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Joshua Bell Closes Inaugural Constella Festival on a High Note

Mary Ellyn Hutton
Posted: Nov 9, 2011 - 4:54:53 PM in reviews_2011

Joshua Bell

It was the perfect concert, you might say:  one of the world’s best violinists, playing to a packed, intimate hall, enthusiastic listeners, a feeling of ownership of the event . . .

There was even a nod to Cincinnati history.

It was violinist Joshua Bell, performing Tuesday evening (Nov. 8) in Memorial Hall with pianist Sam Haywood on the final concert of Cincinnati’s new Constella Festival of Music and Fine Arts, which made its debut this fall.

The beginning was delayed fifteen minutes to accommodate the large number of walk-up ticket buyers, but no one was complaining.   It has been a decade since Bell’s last performance here, and it was an event.

Though he did not specifically plan it that way, Bell’s program was uniquely tailored for Cincinnati since it contained a sonata by Eugène Ysaÿe.  The great Belgian violinist was conductor of the Cincinnati Symphony Orchestra from 1918-22.

Also on the program were sonatas by Mendelssohn, Beethoven and César Franck.  All in all, it was a program of beauty, substance and arresting virtuosity.

No small bit of it had to do with Haywood, a superb pianist, who performed using an I-Pad instead of music and turning the pages with his foot.

Mendelssohn’s F Major Violin Sonata (unpublished during his lifetime and re-introduced to the repertoire by Yehudi Menuhin in 1953) made a bright, optimistic opener, with its heroic opening statement.  The lovely Adagio grew passionate as it went on and the finale was downright jolly.

Beethoven’s Violin Sonata Op. 30 No. 2 is in his tempestuous key of C Minor (think his Symphony No. 5).  Bell and Haywood gave it exactly that characterization.  Indeed Bell’s shaping of the opening motif – a six-note figure with a crescendo in the middle – made an immediate emotional impact.  Bell’s tone production was amazing here (he plays a priceless Stradivarius violin) and in the slow movement, his sound suggested nothing so much as the petals of a rose.  He and Haywood made great fun of the Scherzo and brought the first half to a close with a splendid, emotionally suffused reading of the Allegro Presto finale.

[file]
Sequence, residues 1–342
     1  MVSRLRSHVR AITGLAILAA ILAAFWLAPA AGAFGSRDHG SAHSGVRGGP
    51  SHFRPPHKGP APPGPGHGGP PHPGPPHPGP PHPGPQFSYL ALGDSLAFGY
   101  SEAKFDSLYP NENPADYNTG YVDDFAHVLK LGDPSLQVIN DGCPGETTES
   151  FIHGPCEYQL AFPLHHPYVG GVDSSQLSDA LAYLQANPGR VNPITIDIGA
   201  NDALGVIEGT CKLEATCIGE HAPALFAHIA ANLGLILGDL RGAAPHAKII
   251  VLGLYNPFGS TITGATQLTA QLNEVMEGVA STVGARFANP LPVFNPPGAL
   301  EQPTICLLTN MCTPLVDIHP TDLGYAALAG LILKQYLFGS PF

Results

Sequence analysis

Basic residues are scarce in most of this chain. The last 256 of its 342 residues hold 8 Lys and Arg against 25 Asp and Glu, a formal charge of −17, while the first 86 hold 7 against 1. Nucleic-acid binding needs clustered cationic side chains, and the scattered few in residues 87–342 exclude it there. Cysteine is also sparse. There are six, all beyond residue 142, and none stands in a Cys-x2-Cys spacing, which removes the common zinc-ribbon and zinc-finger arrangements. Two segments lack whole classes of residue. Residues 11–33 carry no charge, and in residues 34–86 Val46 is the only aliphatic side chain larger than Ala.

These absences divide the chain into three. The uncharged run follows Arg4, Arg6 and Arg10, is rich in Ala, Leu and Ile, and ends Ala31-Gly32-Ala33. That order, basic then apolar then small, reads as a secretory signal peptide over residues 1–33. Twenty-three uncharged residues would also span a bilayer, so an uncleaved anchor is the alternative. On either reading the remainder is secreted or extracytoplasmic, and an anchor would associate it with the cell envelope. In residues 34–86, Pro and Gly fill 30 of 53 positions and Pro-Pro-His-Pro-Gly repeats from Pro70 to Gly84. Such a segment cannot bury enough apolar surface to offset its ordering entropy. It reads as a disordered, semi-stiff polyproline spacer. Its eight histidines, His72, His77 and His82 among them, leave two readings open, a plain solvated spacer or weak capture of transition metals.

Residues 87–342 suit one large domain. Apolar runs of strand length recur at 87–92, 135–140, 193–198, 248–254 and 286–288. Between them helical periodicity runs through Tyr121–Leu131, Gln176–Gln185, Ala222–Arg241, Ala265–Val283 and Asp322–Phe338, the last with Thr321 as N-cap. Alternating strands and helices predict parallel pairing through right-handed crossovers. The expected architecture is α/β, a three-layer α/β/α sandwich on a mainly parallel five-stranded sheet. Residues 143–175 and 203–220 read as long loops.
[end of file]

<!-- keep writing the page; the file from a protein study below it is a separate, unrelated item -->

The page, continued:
Having studied with Josef Gingold at Indiana University, Bell can claim a direct link to Ysaÿe, who was Gingold’s teacher.  However, it was Ysaÿe’s connection with César Franck and his Violin Sonata in A Major that dictated his choice to program them back-to-back on this tour.  Franck dedicated the Sonata to Ysaÿe and gave it to him on his wedding day in 1886 (when, after a quick rehearsal, Ysaÿe promptly premiered it).  Ysaÿe was inspired to write his Op. 27 Sonatas by Bach’s solo works for violin.  Bell’s performance of No. 3, subtitled “Ballade,” was awe-inspiring.  From the harmonically daring introduction through the complex Allegro (thickets of notes), he articulated it vividly, always punching out the movement’s dotted-note motif clearly and with drama.

Like his great D Minor Symphony, Franck’s Violin Sonata is a cyclic work (i.e. it uses the same themes or motifs throughout for unity).  It is a gorgeous work, one of the peaks of the violin literature.  (Going back to Ysaÿe, his advocacy of it helped bring Franck’s music to recognition.)  Bell and Haywood gave it a performance to match.  It began low and soft in the piano, with a dreamy little melody for the violin.  The two musicians matched each other perfectly.  The turbulent Allegro (second movement) was another opportunity to relish Bell’s sound production.  With his exquisite bow control, it could go from burgundy-colored and full-bodied to, uncannily enough, passages where his Stradivarius seemed to take on the color of Haywood’s Steinway.

The third movement introduced the work’s impassioned “big theme” (repeated in the finale), given heart-rending expression by Bell, who performed with considerable physicality, swaying, dipping and invariably turning to the right with a little flourish at the end of a work.  The finale itself, opening with a genial canon (passages played in imitation), was glorious in its summation and brought the audience to its feet, with whistles, bravos and unanimous acclaim.

For an encore, Bell and Haywood performed Bell’s own transcription of Chopin’s Nocturne in C-sharp Minor (Ysaÿe the composer would have approved.)

Following the concert, there were refreshments and an art exhibit in the first floor meeting rooms, where Bell also signed programs and CDs.  Curated by Stewart Goldman, the art show included numerous works “with a message,” i.e. Goldman’s own “Congressional Caucus Surrounded by a Sea of Pain” – a wood frame centered in blue fabric -- and Jill Rowinski’s “Let Them Eat Cake” – a side chair covered in plastic with a “cake” frosted with roses in front.

The inaugural Constella Festival, founded by artistic director Tatiana Berman, has been a resounding success.  With 13 concerts Oct. 13-Nov. 8, it has fostered collaboration among  Cincinnati’s chamber music groups, featured world class performers, multi-media programming and introduced new works to the repertoire.  For information, see www.constellafestival.org